Elaine Hostetler suggests a
middle school novel on "death and
dying," Zindel's "Begonia for Miss Applebaum."
Garnet McQuitty who teaches 11th grade spends several weeks reading from Edgar Lee Masters Spoon River Anthology. If you are not familiar with it, it is a collection of poems in the form of epitaphs of the people who lived in the town of Spoon River.
You can find several stories on the internet. Just follow these links.
Death in America (Alvina Part One)
Kids stories on Death
A Collective Poem
Written by the Eighth Grade
Class Of 2002
When I hear the word death, chills go down my spine
The fear of death is harsh
When I hear the word death, I feel shocked and angry
If death were a color, it would be black
I think that when you die you go to heaven
I think that dying is a part of life; it has to happen to everyone
I mostly think about cold weather.
Is there an afterlife?
I picture death as the beginning of something new
When someone dies they are reborn a different person
Death scares me because Iím afraid of losing the ones I love
I picture the after world as peaceful and full of surprise.
No one can ever get over s
omeone that has died
Death is so many things, Death is just a hateful word!
I think saying good-bye is hard, but not saying good-bye is harder
I think that death sucks
Not living any more, pushing up daisies
Write a letter to the person who gave us the tour of the cemetery. You need to include what you learned, enjoyed, and was surprised about. Be sure to follow the proper letter form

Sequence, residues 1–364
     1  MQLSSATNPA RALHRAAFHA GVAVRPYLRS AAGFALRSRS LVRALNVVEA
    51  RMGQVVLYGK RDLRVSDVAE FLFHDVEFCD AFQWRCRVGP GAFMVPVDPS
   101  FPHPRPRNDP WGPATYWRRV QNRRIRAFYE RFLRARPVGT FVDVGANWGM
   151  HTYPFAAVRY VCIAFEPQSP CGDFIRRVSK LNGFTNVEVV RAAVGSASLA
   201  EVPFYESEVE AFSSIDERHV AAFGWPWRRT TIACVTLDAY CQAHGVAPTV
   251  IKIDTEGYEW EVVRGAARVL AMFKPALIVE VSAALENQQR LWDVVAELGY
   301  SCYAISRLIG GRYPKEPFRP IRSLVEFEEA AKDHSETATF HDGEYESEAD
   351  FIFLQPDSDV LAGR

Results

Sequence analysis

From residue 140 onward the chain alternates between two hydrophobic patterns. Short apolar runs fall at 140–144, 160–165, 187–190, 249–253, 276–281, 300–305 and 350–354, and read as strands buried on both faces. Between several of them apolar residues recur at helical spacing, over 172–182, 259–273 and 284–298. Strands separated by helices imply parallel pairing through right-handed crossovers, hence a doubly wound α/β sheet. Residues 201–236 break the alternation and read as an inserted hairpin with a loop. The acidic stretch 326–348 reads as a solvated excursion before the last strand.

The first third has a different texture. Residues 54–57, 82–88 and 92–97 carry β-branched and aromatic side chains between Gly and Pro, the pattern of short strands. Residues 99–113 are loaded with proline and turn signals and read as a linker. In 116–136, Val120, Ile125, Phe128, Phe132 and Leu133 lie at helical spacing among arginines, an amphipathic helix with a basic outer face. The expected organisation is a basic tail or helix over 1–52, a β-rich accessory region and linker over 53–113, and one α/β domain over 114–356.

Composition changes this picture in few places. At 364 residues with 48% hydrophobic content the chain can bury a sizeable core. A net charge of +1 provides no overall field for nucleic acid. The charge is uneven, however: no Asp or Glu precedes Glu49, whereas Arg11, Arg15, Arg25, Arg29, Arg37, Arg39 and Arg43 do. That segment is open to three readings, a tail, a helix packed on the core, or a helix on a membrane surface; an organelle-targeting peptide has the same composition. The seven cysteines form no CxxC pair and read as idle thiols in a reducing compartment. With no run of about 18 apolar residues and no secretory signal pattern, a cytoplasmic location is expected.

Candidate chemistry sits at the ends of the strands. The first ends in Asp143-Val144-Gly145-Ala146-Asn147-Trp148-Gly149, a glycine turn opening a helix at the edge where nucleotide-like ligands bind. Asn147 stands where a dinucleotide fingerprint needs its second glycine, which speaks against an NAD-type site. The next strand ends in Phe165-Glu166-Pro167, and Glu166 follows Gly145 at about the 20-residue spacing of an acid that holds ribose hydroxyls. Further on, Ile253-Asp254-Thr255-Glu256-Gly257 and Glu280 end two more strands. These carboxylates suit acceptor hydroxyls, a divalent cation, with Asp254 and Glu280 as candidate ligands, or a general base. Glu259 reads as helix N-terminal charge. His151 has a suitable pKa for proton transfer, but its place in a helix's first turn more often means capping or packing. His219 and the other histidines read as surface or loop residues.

We also use obituaries writing to have a little fun. For extra
credit the students are allowed to write them
for cartoon figures. This idea came from Mad Magazine.
You may read some from the magazine and some sample student works by clicking here.
Here lies my teacher, old Miss Blass-
I was the smartest kid in her Class!
Here lies my pet, a dog named Rover,
When hit by a car, his life was over.
A baseball bat and ball used often
Are buried with Michael in his coffin.
The baby sitter we drove insane
Was killed when hit with Jeremy's train.
Old Mr. Crow, the village baker,
Just got back from the undertaker.
While sitting her sleeping in a paper sack,
I got run over on the railroad track.
Here lies my friend, a gal from the South.
She died when she tried to put her foot in her mouth.
They are also given some serious ones to read. Examples of these are:
In memory of
Beneath This Stone
A lump of Clay
Lies Arabella Young
Who on the 11th Day
Began to Hold
YOU WILL FIND AS YOU LOOK BACK UPON,
YOUR LIFE THAT THE MOMENTS THAT STAND OUT,
THE MOMENTS WHEN YOU HAVE REALLY LIVED,
ARE THE MOMENTS WHEN YOU HAVE
DONE THINGS IN THE SPIRIT OF LOVE.
(You may find more interesting epitaphs on some of the cemetery links that are posted)
They are also given a paper that has a tombstone on it, and are asked to make one for themselves. The "rules" are
1) There has to be the same number of syllables in both lines.
2) They have to put their name in it.
3) The end of the lines must rhyme.
We hang the finished ones out in the hall (The hall becomes a virtual cemetery) for the rest of the school to view. The students also get a few extra credit points it they make epitaphs for staff members in the school.
Once the students get to the cemetery they are very aware of interesting epitaphs and go in search of them.
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